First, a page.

Moshe Burt & Rabbi Lior, Chief Rabbi of Chevron at Ma'alei Chaver Hochnossis Sefer Torah
A match made with Heaven
Moshe Burt, a 50-year-old divorced accountant from Philadelphia, was looking for a shidduch.
One December evening in 1994 he decided to attend a get-together in Brooklyn for Orthodox singles. When he heard people at the party discussing a settlement in Gush Etzion that needed a Torah scroll, he knew he had found his basherete, a match "meant to be." Burt may not have found someone to marry, but he did find an opportunity to do a great mitzva.
The next day he spoke to the rabbi of his synagogue about it, Rabbi Mordechai Young. "Before I could even get all of the words out of my mouth, Rabbi Young said, 'I think I may have a Sefer Torah for you." The community of Bat Ayin had its Torah scroll by Passover.
Rabbi Daniel Cohen, the rabbi of the settlement, says that prior to receiving the Torah, the cornmunity had to borrow a Torah scroll from a synagogue in Tel Aviv. Cohen says the Torah, donated by a yeshiva in Philadelphia, was ushered into the community with "a beautiful hachnasat Sefer Torah," a ceremony where a new Torah is welcomed into the synagogue.
With that first shidduch, the Sefer Torah Recycling Network was born.
Burt says the project is a product of divine intervention. The rabbis of the communities that have received Torah scrolls say it is the dedication and generosity of Moshe Burt that have made the project a success. It is probably a little of both.
The process of matching up a Torah scroll with a community is dependent upon the generosity of a number of individuals. It begins with Burt, who searches for unused or damaged Torah scrolls throughout the United States. He has relied mainly on word of mouth, but he has also found some Torah scrolls through the Internet. Scrolls have been donated to the Sefer Torah Recycling Network by synagogues, yeshivas and individual families.
Burt then sends the scrolls to a scribe who repairs them at no charge. Repairing a Torah scroll that has been rendered ritually unusable is often an expensive procedure that takes extensive time, but Burt says the anonymous scribe has dedicated his life to making scrolls kosher for the needy.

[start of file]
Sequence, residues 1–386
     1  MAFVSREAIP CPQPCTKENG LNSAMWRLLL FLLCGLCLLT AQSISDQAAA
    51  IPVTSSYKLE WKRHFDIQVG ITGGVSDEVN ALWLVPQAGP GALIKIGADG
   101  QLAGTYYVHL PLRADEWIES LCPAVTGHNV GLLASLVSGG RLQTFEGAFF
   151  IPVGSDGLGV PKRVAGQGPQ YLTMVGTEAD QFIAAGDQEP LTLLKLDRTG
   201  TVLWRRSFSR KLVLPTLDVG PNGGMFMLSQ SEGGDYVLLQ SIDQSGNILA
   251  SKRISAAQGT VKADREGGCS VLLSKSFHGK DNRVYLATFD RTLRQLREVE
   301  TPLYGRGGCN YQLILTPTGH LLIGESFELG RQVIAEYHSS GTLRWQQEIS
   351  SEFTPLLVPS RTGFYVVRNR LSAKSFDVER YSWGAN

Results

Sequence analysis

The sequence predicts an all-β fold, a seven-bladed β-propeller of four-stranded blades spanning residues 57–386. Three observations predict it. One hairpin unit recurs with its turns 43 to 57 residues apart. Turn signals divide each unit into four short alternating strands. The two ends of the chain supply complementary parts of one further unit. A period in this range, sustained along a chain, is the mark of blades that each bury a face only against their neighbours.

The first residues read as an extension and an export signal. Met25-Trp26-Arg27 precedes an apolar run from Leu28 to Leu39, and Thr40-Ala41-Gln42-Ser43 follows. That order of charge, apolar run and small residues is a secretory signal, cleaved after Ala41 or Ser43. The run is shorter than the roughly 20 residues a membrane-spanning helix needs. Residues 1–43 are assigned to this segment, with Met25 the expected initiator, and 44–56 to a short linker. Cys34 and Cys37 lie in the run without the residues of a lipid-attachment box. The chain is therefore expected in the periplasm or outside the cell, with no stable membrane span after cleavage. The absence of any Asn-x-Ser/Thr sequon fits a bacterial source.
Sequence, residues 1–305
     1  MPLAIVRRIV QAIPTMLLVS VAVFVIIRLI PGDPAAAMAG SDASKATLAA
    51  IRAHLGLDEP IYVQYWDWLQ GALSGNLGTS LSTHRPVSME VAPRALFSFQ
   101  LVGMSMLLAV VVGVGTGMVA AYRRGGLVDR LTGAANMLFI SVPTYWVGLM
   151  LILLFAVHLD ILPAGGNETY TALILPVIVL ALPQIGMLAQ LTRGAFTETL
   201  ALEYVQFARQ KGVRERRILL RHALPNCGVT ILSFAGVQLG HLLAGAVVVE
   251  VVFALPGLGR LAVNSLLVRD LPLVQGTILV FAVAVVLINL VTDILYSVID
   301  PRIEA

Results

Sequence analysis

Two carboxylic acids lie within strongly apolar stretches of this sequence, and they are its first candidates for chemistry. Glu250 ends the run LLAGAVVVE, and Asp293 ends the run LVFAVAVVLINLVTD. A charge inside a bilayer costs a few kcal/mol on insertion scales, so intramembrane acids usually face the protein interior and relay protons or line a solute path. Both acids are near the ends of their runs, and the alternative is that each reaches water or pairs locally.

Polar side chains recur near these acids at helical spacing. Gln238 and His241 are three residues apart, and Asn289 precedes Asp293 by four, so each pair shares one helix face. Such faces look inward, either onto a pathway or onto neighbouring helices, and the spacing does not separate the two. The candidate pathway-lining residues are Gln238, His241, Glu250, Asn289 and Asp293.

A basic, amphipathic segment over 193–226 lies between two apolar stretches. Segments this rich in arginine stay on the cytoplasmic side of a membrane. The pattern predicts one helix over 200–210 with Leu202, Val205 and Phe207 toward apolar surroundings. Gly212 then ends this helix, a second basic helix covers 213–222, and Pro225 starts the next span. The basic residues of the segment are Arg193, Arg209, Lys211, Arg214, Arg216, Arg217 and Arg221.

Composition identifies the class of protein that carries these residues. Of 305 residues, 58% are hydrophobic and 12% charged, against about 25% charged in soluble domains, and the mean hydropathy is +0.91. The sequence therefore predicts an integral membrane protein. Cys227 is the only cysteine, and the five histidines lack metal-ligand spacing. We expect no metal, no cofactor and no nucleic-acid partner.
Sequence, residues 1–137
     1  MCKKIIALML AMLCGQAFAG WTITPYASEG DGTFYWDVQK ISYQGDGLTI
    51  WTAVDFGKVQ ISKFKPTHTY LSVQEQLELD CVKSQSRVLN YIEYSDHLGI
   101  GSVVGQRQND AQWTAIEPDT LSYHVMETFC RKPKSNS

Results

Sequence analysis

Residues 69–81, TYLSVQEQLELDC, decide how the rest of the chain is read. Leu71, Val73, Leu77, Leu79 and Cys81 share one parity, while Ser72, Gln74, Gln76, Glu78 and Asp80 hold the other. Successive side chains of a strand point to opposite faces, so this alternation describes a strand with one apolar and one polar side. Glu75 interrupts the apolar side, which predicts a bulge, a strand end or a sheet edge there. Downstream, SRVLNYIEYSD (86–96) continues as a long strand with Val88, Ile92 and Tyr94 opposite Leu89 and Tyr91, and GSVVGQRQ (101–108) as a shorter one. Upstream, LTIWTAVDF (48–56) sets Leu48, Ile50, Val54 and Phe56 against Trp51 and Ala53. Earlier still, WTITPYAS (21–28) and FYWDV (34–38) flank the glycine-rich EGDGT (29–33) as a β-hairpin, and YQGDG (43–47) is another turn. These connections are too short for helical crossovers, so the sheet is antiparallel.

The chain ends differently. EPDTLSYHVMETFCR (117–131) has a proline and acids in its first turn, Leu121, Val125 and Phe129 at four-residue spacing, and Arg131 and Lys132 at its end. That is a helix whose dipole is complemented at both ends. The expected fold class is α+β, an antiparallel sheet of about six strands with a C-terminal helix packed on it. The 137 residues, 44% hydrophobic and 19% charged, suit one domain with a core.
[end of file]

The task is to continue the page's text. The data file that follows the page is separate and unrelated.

In the last four years, Burt has received requests from many locations. He says there are over 35 communities, yeshivas and synagogues in Israel that still require their own Torah scroll, from Betar Illit to Herzliya.
One of Burt's favorite stories is the one about the "Internet Torah scroll." Two years ago, he sent out an e mail message to a large number of rabbis. The next day he received a message from a Habad rabbi in Palo Alto, California, who responded: "I like what you are doing. I have a Torah scroll for you." The scroll was then transported to Philadelphia via contacts made through the Internet and found a home, again via the Internet, in the small settlement of Ma'aleh Hever, in the hills of Hebron. Burt personally transported the Torah to Israel by plane, where the Torah portion was read at a morning sunrise prayer service 37,000 feet in the air.
Upon Burt's arrival at Ben-Gurion Airport, a soldier, who saw the Torah's wooden handles projecting from Burt's dufflebag, directed him to the customs line for Israeli citizens so Burt would not have to stand in a long line while carrying the sacred scroll.
Supporting the Sefer Torah Recycling Network singlehandedly has not been easy for Burt, but he says it has been very rewarding. He sees it as "an opportunity to do something tangible for Klal Yisroel."
The goal of the Sefer Torah Recycling Network, according to Burt, is to promote unity among the Jewish people. He describes the process of achieving unity in a spiritual sense. "Through the transfer of these used Sifrei Torah, we bring the closeness to God inherent in the Torah to those in need. If one con siders that a Sefer Torah is the sum total of all the souls who have read from it, said blessings on it, or even touched it, then one can visualize the unity that occurs on a spiritual level when these attributes are united with a needy congregation in Israel," he explains.
Rabbi Cohen praises Burt as being "very devoted, unpaid and practical ly unthanked" - although Bat Ayin did hold a ceremony to thank Burt when he visited the settlement. "It pleases me to know there are people who care so much about settlements," says Rabbi Menahem Pearl, the rabbi of Ma'aleh Hever.
"Religious life is not always easy in settlements.
It is very gratifying to know there is someone who understands, is sensitive
to our problem, and has helped us without expecting anything in exchange,"
Moshe Burt can be reached by e-mail at firstname.lastname@example.org!!!
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